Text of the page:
Last week I volunteered at Soapbox Science London 2015. I really enjoyed the experience and would totally recommend it to other scientists.
This outreach event was held along the Southbank London, we were so lucky with the weather (sunshine really does help enthusiasm). The aim of the event is to attract members of the public to stand and listen to talented female scientists talk about their research.
Though the event is advertised there are a lot of people passing along the Southbank on a sunny Saturday so the idea is to attract in people who were not going out of their way to go to a science event. I like this idea as at the outreach events I have previously done (Mayfest Nottingham University) members of the public make a conscious effort to come onto campus and engage with us, which though good selects for the already engaged members of the public.
From volunteering on the day I can say that not everyone along the Southbank is going to be persuaded to stop and listen. However there is really no way of identifying who will and who wont. Having an interest or curiosity in science definitely isn’t splashed across peoples faces and some people are easier to convince than others. I have to say families were an easy target to get involved, and was encouraged when asking children ‘do you like science?’ I got lots of ‘Yes!’ and one very sweet girl who shouted ‘No I love Maths’ so lots of hope for the future of scientific research I hope.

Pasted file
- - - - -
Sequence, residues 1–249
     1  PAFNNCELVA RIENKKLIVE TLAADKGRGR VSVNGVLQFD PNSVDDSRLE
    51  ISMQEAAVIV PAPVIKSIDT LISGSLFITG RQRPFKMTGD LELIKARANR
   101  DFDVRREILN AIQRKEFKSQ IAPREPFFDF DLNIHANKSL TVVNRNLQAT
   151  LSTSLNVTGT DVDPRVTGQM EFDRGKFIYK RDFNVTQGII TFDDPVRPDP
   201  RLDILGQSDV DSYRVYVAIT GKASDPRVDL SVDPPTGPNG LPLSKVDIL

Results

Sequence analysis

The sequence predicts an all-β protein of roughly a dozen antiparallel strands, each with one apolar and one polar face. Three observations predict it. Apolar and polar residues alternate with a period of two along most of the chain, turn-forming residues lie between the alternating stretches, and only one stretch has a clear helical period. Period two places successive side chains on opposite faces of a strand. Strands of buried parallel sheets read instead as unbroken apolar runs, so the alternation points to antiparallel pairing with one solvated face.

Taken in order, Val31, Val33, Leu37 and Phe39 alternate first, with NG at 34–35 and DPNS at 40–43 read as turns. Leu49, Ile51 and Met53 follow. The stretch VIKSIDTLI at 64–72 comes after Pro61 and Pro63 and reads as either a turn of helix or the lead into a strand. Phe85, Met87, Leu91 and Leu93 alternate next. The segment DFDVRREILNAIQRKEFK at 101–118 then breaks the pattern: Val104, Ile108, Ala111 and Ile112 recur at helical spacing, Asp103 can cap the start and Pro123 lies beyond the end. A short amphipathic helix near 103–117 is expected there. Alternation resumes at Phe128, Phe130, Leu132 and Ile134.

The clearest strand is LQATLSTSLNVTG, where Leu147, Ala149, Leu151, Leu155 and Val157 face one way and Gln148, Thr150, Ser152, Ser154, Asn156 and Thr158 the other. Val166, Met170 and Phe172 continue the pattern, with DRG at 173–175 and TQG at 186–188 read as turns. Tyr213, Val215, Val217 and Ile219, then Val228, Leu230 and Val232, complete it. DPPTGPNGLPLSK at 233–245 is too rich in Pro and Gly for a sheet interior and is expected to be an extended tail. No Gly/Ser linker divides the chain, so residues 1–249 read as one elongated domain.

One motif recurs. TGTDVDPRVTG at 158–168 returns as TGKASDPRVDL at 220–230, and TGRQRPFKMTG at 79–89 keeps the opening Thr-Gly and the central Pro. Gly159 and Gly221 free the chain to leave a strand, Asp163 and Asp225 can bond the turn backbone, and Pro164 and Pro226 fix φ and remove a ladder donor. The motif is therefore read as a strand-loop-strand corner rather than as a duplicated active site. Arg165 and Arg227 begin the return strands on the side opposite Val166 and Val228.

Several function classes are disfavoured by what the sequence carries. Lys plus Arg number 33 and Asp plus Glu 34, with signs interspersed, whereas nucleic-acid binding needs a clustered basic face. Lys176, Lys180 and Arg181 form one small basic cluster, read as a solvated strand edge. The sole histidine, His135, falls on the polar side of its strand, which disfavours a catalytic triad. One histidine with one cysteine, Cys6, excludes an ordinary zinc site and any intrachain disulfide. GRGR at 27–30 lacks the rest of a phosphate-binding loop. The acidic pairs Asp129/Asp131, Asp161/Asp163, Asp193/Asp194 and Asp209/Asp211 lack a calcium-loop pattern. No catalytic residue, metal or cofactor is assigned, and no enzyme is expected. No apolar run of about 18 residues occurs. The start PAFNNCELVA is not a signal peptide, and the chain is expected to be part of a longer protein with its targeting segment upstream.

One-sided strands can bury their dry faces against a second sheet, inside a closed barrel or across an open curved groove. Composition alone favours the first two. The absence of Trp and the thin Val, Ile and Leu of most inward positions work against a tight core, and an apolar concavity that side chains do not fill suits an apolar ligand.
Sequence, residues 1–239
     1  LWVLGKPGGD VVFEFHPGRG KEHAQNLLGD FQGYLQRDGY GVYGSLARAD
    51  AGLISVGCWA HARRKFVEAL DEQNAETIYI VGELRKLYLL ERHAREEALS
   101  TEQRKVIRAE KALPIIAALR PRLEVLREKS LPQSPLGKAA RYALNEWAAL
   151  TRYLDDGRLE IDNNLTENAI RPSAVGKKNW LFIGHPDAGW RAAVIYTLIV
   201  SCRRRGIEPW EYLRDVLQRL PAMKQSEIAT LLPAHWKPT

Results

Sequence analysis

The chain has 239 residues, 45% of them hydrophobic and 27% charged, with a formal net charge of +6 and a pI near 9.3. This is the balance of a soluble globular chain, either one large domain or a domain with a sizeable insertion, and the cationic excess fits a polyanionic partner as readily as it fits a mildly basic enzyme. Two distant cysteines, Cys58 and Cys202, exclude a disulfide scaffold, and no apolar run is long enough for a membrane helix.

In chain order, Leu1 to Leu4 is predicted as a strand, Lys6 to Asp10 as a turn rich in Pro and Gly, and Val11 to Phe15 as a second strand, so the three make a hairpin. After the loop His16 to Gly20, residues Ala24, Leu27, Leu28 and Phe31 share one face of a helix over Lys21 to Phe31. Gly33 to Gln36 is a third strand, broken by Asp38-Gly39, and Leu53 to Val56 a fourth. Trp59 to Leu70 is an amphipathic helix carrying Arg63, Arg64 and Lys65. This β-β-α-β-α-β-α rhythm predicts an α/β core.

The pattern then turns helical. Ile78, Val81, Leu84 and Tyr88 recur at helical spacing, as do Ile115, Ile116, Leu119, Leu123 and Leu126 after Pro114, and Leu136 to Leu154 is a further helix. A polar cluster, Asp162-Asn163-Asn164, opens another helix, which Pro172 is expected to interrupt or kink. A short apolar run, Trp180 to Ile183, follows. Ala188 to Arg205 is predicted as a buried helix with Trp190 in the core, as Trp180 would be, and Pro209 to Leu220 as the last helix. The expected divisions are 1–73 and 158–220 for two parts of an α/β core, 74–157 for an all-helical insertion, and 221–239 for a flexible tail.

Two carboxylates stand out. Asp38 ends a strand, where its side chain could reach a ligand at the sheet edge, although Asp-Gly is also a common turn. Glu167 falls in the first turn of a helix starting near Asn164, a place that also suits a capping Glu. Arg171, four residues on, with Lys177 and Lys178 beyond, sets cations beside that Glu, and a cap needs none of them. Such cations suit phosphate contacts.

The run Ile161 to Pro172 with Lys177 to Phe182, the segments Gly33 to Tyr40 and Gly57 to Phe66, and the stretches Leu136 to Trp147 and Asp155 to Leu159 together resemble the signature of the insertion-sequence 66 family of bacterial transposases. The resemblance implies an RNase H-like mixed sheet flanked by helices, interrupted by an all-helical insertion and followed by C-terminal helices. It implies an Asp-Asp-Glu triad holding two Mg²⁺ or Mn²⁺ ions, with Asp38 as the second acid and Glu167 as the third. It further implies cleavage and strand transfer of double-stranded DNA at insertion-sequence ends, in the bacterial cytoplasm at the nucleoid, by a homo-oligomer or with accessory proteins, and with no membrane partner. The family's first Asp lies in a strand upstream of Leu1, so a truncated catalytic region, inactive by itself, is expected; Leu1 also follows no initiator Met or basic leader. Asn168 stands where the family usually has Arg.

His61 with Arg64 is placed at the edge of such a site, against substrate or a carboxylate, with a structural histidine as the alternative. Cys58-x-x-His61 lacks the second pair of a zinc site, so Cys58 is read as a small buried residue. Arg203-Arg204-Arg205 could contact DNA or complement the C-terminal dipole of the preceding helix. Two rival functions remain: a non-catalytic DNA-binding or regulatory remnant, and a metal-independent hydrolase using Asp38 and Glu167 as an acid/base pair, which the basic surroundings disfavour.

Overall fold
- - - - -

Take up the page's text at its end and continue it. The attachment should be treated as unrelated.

Later in the day I helped out Dr Jessica Blair who was stood on her soapbox presenting about Superbugs and Antibiotic Resistance. It was great to see such a charismatic speaker. The simple props were very effective, a few cuddly giant microbes, some pictures of the creators of antibiotics and don’t forget some soil! She pulled in a real crowd, with a mixture of ages. Participation was good, bribery with prizes got the audience guessing at the number of bacteria cells in our bodies, numbers that are too big to properly comprehend. I was also interested to see that the public already had some knowledge about the challenge of antibiotic resistance. With complex questions about how to fund new antibiotic drugs and asking about Bacteriophage therapy.
As I said before Soapbox Science is a great outreach experience for scientists and personally I always feel more focused in the lab after these events so would encourage people to sign up and volunteer.
And if that was’t enough to convince you, in two weeks time I will be off to Soapbox Science Newcastle 2015! Looking forward to see what Newcastle’s Scientists have to offer!